We use cookies to collect and analyse information on site performance and usage to improve and customise your experience, where applicable. View our Cookies Policy. Click Accept and continue to use our website or Manage to review and update your preferences.

Strictly necessary cookies

Cookie name Duration Cookie purpose
ASP.NET_SessionId Session This cookie holds the current session id (OPPassessment only)
.ASPXANONYMOUS 2 Months Authentication to the site
LSI 1 Year To remember cookie preference for Law Society websites (www.lawsociety.ie, www.legalvacancies.ie, www.gazette.ie)
FTGServer 1 Hour Website content ( /CSS , /JS, /img )
_ga 2 Years Google Analytics
_gat Session Google Analytics
_git 1 Day Google Analytics
AptifyCSRFCookie Session Aptify CSRF Cookie
CSRFDefenseInDepthToken Session Aptify defence cookie
EB5Cookie Session Aptify eb5 login cookie

Functional cookies

Cookie name Duration Cookie purpose
Zendesk Local Storage Online Support
platform.twitter.com Local Storage Integrated Twitter feed

Marketing cookies

Cookie name Duration Cookie purpose
fr 3 Months Facebook Advertising - Used for Facebook Marketing
_fbp 3 months Used for facebook Marketing
Law Society library services and hybrid working

04 Feb 2022 / Law Society Print

The next chapter

Hybrid work arrangements are now playing a central role in a new and evolving work culture. Mairead O’Sullivan opens the book on how the Law Society Library is tailoring its services to members’ needs.

Last July, following the retirement of my esteemed colleague Mary Gaynor, I took over as head of Library and Information Services at the Law Society’s library. We were fortunate to be joined last November by Paula Murphy as the new deputy librarian.

It is an exciting time for the library – as 2022 stretches ahead, it brings with it a sense of newness, possibility, and an opportunity to embrace change and look to the future. A new team engenders fresh ideas and enthusiasm for the challenges that lie ahead.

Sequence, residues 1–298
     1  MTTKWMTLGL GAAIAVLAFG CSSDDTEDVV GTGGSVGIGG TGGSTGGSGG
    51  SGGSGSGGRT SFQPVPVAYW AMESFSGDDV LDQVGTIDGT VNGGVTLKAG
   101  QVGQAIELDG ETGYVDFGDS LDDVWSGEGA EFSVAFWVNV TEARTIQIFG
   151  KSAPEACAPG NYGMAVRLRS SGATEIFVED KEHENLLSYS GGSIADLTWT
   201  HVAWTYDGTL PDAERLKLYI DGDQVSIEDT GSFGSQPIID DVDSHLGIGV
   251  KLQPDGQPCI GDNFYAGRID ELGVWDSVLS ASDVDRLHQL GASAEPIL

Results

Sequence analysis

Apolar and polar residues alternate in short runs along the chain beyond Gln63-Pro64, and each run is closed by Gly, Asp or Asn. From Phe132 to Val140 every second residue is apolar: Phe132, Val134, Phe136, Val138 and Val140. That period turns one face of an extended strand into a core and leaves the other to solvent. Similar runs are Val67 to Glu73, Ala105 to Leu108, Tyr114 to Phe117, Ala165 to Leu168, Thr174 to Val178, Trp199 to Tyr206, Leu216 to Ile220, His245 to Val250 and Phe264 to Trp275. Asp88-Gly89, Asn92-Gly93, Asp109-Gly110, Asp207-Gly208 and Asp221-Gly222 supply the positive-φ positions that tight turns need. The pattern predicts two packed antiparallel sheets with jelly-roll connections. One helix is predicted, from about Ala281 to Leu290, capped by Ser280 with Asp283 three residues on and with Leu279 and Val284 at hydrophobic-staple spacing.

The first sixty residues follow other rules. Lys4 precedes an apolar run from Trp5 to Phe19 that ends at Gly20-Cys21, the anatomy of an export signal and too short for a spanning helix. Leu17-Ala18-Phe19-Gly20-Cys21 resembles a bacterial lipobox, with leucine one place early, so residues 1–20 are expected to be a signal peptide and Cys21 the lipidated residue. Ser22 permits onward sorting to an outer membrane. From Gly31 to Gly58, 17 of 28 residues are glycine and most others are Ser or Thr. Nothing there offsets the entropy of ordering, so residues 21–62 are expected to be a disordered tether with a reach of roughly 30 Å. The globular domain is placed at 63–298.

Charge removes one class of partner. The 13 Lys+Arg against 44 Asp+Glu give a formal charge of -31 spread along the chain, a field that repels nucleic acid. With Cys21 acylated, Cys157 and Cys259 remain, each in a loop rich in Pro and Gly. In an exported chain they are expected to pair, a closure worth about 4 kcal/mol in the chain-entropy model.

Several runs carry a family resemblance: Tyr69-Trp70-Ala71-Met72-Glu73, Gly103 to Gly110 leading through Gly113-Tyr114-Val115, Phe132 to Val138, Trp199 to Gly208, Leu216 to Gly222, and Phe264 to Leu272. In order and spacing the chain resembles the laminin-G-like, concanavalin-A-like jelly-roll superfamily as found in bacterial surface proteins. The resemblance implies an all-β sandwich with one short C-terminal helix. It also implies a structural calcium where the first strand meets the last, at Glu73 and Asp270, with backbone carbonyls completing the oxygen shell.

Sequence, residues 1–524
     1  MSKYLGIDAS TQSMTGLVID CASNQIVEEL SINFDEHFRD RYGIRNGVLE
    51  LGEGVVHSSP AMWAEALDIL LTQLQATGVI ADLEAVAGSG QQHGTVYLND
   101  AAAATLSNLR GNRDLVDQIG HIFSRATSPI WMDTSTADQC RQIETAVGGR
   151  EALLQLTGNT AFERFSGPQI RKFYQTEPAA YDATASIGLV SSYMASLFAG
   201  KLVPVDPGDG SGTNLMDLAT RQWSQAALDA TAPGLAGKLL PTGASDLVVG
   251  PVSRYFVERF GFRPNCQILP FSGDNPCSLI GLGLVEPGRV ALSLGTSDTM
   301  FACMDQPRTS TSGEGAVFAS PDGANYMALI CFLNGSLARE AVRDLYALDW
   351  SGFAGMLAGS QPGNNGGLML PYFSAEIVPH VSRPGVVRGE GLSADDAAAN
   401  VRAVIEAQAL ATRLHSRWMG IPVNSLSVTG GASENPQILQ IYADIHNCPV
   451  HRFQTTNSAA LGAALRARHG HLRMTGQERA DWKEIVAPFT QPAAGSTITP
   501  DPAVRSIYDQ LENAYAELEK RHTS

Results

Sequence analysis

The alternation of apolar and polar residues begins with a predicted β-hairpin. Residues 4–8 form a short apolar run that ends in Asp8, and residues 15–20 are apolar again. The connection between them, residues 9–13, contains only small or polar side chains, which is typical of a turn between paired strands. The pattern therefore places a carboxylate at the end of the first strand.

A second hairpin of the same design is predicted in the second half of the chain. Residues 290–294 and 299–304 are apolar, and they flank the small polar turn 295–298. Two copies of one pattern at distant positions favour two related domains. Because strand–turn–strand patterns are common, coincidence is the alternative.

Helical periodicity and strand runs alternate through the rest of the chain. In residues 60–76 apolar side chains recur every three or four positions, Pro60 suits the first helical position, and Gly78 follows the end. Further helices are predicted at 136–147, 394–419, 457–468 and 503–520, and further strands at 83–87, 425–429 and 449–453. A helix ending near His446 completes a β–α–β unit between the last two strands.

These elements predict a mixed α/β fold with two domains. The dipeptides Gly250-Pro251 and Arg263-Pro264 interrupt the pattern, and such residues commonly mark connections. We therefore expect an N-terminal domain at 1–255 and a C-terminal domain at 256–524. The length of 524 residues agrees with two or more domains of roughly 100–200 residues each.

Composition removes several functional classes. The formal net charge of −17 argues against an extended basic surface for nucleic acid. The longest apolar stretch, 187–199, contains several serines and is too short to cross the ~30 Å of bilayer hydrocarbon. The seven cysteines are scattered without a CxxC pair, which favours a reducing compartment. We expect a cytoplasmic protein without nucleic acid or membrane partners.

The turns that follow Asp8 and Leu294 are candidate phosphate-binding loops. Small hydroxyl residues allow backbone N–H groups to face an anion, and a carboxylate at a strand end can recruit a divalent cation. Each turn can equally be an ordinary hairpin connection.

One of my first tasks has been to examine the library’s response to the changing work environments of our members and students. Hybrid work arrangements embraced during the pandemic (and assumed temporary) now play a central role in a new and evolving work culture for many of our members.

Like all periods of adjustment, there are advantages and disadvantages, and pre-pandemic work habits and practices may no longer be practical or feasible in the home office. This is where the library can help.

Our initial response to remote working was swift and effective, but I want to build on that impetus and ensure that our members’ transition to working from home is as seamless as possible.

We were in the fortunate position in the library of having already put in place the technological infrastructure required to deliver a modern and dynamic service, but if COVID has taught us anything, it is the importance of planning ahead. We never take anything for granted, and our key objective is to make every member and user of the library aware of the supports and services available to them, regardless of their geographic location.

Tech trends

Our document delivery service is a fast, efficient, and reliable service that members can access simply by emailing libraryenquire@lawsociety.ie.

Members can request precedents, case law, journal articles, legislation, legal research, and book loans – and they are guaranteed a response that same day. Last year, we responded to 4,904 queries and emailed 3,060 documents.

The weekly LawWatch newsletter is delivered to members’ inboxes every Thursday and includes recent case law from the courts, featured articles, new legislation, and a new feature called ‘precedent of the week’, included in our first issue of 2022.